The exhibition is curated by Catherine Hess, associate curator of sculpture and decorative arts at the J. Paul Getty Museum; Andrea Bacchi, scholar and professor, Università di Trento, Italy; and Jennifer Montagu, Honorary Fellow, Warburg Institute, London. It premiered at the Getty Museum this past summer before being exhibited at the NGC. The partnership with the J. Paul Getty Museum has been spearheaded by the Gallery’s Deputy Director and Chief Curator, Dr. David Franklin. This exhibition presented at the NGC has been coordinated by Mayo Graham, Interim Chief Curator and Director, National Outreach and International Relations, and Dr. Christopher Etheridge, Curatorial assistant.
A 336-page catalogue produced by the National Gallery of Canada and the J. Paul Getty Museum accompanies this exhibition. Published in English and French, its 155-colour plates and 114 black and white illustrations reveal the remarkable innovation of Bernini and his contemporaries and the artistic richness of the Baroque period. Edited by Andrea Bacci, Catherine Hess and Jennifer Montagu, it contains contributions by the editors as well as Julian Brooks, Ann-Lise Demars, David Franklin, Jennifer Montagu, Stephen F. Ostrow and Jon L. Seydl. Available at a cost of $44.95 in soft cover and $70.00 in hardcover, it is now on sale at the National Gallery of Canada Bookstore or at www.shopngc.ca, the NGC’s online store.
A full program of educational activities is scheduled throughout the exhibition. These include an opportunity to tour the exhibition with the curator, lectures, films and a play written by Bernini. For more information, visit www.gallery.ca, call 1.800.990.1985 or 1.800.319.ARTS.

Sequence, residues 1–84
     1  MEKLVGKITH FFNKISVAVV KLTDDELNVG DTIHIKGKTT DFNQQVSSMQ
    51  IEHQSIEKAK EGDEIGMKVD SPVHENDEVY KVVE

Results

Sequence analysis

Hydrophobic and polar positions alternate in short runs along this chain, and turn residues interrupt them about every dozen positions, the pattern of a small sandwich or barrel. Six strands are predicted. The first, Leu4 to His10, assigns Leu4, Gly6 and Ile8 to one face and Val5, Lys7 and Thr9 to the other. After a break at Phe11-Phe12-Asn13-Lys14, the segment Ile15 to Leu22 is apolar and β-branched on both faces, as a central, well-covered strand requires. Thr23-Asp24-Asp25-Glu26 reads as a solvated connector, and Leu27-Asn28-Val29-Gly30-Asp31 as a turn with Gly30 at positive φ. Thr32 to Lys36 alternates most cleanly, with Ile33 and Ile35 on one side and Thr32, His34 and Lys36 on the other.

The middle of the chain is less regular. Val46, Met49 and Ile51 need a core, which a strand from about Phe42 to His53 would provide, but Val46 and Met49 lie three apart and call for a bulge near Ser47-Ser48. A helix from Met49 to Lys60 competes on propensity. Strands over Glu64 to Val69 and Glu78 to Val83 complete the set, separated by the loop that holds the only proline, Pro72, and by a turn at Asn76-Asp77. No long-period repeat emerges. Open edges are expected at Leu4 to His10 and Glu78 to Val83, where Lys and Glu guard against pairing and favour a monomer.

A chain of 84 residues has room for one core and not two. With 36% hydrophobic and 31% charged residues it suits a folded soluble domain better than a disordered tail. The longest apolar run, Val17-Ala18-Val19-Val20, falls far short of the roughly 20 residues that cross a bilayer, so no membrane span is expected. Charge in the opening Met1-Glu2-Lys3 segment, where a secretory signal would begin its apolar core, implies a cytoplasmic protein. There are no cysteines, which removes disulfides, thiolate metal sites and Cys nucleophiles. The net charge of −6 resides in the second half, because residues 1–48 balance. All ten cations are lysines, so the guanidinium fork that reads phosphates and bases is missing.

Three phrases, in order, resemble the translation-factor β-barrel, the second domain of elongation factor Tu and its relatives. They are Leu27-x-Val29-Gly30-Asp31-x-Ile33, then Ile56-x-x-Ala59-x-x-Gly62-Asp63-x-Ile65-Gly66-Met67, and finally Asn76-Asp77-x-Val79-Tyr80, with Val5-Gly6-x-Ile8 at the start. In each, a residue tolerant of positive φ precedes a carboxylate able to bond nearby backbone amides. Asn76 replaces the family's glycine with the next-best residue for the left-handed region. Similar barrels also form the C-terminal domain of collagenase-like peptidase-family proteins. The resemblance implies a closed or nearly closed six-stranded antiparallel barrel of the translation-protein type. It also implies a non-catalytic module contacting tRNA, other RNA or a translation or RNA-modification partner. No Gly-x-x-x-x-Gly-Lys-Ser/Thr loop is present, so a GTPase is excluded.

Admission and NGC hours
Tickets for Bernini and the Birth of Baroque Portrait Sculpture are on sale at $15 for adults, $12 for seniors and full-time students, $7 for youths aged 12 to 19 years, and $30 for families (two adults and three children). Admission is free of charge for children under 12 and for Friends of the Gallery. Tickets include admission to the NGC Collection.
Tickets are available by telephone at 613-998-8888 or 1-888-541-8888 and at www.shopngc.ca.
From October 1, 2008 until April 30, 2009 the Gallery is open from Tuesday to Sunday from 10 am to 5 pm; Thursday until 8 pm. Closed Monday December 25 and January 1, 2009.
About the National Gallery of Canada
The National Gallery of Canada is home to the most important collections of historical and contemporary Canadian art in the world. In addition, it has pre-eminent collections of Indigenous, Western and European Art from the 14th to the 21st century, American and Asian Art as well as drawings and photography. Created in 1880, it is among the oldest of Canada’s national, cultural institutions. As part of its mandate to make Canadian art accessible across the country, the NGC has one of the largest touring exhibition programs in North America. For more information, visit www.gallery.ca.
About the J. Paul Getty Trust
The J. Paul Getty Trust is an international cultural and philanthropic institution devoted to the visual arts that features the J. Paul Getty Museum, the Getty Research Institute, the Getty Conservation Institute, and the Getty Foundation. The J. Paul Getty Trust and Getty programs serve a varied audience from two locations: the Getty Center in Los Angeles and the Getty Villa in Malibu.
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For more information and to set an up interview with David Franklin, Deputy Director and Chief Curator of the National Gallery of Canada or with guest Curator, Catherine Hess, please contact: